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Why Is It Common To See People Wearing Surgical Masks In Asian Countries?

Surgical masks in Asia

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Why Is It Common To See People Wearing Surgical Masks In Asian Countries?

In parts of China, Korea and Japan it is very common to see people wearing surgical masks out in public, or in the workplace. Are these mask wearers hypochondriacs, or do they have a valid reason to wear the masks? A better question might be, do the masks actually work as intended?

Why Do They Wear The Masks?

Contrary to widespread belief, these masks aren’t worn to protect the wearer – they are worn to protect others. One common example is the masks worn by surgeons during an operation. They are worn specifically to keep their own bacteria, viruses and germs from entering the patient’s (open or exposed) body.

In many Asian countries, even parts that aren’t heavily populated, it’s common for people to wear the masks if they think they’re getting sick, are sick, or even have a slight cold. They do this as a courtesy to prevent spreading their own infection to others.

asia surgical masksThe reason the flu and colds are so transmissible is because when you cough, sneeze, or blow your nose, there are millions of little viruses on the droplets in the fine mist you’ve just expelled into the air – mist which can be inhaled by people around you. If you’ve just blown your nose and opened a door, touched a table, elevator button, or payphone, someone else can touch those objects and then rub their eyes. It’s quick and efficient transmission.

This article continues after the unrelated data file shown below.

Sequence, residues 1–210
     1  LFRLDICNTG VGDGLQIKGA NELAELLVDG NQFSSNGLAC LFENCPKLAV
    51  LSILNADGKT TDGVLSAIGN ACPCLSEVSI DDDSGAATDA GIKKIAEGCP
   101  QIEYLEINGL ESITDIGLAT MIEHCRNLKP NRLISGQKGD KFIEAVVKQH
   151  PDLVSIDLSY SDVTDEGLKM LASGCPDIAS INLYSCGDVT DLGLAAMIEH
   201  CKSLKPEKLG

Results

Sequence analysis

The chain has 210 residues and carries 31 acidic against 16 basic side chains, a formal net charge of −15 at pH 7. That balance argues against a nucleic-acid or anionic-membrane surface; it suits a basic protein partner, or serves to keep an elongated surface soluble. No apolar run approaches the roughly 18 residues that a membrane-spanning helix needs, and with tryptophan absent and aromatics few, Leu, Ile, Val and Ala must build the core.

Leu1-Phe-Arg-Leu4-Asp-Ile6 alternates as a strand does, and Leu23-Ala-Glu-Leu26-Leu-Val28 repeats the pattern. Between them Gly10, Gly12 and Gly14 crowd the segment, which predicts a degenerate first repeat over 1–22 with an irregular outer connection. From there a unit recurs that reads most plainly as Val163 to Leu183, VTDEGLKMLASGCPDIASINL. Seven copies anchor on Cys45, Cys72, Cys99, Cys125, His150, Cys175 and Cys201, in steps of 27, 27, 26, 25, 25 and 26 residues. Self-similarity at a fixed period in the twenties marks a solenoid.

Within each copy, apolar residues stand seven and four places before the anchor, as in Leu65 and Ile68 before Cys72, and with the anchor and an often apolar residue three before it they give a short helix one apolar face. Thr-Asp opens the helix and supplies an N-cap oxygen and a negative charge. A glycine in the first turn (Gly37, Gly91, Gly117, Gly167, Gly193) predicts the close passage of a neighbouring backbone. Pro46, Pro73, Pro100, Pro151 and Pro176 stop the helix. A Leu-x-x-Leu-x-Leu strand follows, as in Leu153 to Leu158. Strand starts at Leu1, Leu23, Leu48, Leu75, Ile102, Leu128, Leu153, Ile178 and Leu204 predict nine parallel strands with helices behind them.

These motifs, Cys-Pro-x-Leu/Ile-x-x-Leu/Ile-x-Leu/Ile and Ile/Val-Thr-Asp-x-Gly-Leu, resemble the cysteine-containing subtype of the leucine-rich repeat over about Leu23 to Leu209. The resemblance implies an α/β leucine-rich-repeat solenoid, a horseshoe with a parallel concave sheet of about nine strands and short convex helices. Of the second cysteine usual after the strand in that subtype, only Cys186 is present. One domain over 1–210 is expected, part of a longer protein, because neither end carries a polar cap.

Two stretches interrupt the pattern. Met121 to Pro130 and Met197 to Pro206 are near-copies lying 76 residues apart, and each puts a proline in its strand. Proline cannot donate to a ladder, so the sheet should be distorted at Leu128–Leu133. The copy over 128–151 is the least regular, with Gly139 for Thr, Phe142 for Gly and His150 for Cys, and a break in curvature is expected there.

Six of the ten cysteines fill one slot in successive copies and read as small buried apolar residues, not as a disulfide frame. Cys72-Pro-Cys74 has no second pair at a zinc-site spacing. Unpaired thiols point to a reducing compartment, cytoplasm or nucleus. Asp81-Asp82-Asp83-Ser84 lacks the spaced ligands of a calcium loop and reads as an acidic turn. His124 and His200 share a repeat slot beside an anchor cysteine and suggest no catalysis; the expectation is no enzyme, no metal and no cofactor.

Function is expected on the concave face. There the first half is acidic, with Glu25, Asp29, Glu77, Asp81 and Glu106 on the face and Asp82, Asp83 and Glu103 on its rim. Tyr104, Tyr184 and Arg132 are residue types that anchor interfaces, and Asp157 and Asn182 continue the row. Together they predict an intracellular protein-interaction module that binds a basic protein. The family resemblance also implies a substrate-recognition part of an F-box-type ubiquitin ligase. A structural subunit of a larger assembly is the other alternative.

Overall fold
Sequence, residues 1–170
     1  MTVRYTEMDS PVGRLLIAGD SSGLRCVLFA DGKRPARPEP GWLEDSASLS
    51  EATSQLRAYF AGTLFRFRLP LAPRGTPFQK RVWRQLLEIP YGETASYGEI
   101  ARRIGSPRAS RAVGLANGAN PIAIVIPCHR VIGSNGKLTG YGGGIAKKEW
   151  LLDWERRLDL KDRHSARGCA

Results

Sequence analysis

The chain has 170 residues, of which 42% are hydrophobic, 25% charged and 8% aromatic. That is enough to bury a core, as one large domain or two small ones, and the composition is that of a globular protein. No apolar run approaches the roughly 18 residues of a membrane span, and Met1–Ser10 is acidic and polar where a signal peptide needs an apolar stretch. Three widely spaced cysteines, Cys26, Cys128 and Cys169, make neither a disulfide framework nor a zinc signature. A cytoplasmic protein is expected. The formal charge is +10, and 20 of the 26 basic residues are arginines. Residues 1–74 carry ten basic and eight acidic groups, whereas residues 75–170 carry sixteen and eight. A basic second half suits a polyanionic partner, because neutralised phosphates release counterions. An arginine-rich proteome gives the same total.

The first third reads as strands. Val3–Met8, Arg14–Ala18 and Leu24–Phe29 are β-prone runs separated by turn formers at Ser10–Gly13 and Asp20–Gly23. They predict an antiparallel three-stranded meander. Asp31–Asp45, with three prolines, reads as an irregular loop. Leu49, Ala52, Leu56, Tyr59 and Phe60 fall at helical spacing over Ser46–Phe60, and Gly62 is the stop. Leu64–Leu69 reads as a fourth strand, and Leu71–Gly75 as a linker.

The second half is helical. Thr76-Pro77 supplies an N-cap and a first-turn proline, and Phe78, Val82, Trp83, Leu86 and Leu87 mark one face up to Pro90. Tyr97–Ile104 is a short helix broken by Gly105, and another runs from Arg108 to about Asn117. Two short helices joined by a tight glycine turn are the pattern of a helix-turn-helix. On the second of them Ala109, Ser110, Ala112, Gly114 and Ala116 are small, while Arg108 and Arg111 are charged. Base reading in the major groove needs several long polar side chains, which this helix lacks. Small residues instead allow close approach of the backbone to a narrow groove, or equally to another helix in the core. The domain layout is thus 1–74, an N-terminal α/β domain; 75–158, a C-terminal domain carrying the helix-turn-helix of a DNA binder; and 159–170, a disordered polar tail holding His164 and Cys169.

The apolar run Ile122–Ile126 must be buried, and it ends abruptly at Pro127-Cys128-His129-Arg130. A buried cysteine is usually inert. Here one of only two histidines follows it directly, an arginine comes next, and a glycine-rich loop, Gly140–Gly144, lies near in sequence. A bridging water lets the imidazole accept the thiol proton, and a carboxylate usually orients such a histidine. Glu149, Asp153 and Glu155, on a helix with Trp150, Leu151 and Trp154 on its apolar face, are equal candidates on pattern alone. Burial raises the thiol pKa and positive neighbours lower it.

The surgical masks help to mitigate or stop the spray of virus-containing moisture from getting very far.

Do They Completely Stop Viruses?

Unfortunately, no. To completely stop viruses, an N95, N99, or a N100 rated mask would be required to reliably block micro-particles as small as viruses and bacteria.

Luckily, when viruses and bacteria are aerosolized through coughing or sneezing, they are usually riding on water droplets much larger than the size of an individual virus or bacteria. Regular surgical masks are generally sufficient for blocking these. While they aren’t 100% effective at stopping viruses, they can cut the risk of transmission by a substantial amount. Considering how cheap surgical masks are, it’s definitely worth the cost and effort to put one on.

Fashion Trends

A recent trend in some Asian cultures is the use of masks for fashion or for utility. Since masks have become ubiquitous, women have begun wearing them to avoid having to put on make-up before hitting the streets. If they just need to run a couple errands or down to the corner store, it’s easier to slip on a mask and blend in than it is to spend an hour or more applying make-up. Pop stars, actresses and models also wear them to avoid getting recognized in public, and to avoid having the paparazzi catching them not looking their best.

Johnson Flu Mask Study (PDF)

Health and Safety Laboratory (PDF)
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  1. Carkod

    January 8, 2012 at 12:30 am

    I can assure you that Chinese do it to protect THEMSELVES, not to protect others…

    • Elieza

      December 3, 2013 at 12:29 pm

      Yet another person stereotyping someone because of their race. There is good and bad in every single race.

      • Drew Del

        July 4, 2015 at 2:19 am

        Around 40-80% of people in a lot of Asian cities in a lot of Asian countries. Are you trying to tell me that 40-80% of their population is sick, and don’t want to make other people sick, so they wear masks?! They’re wearing the masks to protect themselves. If you want to think that half of the Asian populous is sick and doen’t want to get other people sick, you’re crazy. It’s not a stereotype, it’s common sense.

        • Bonnie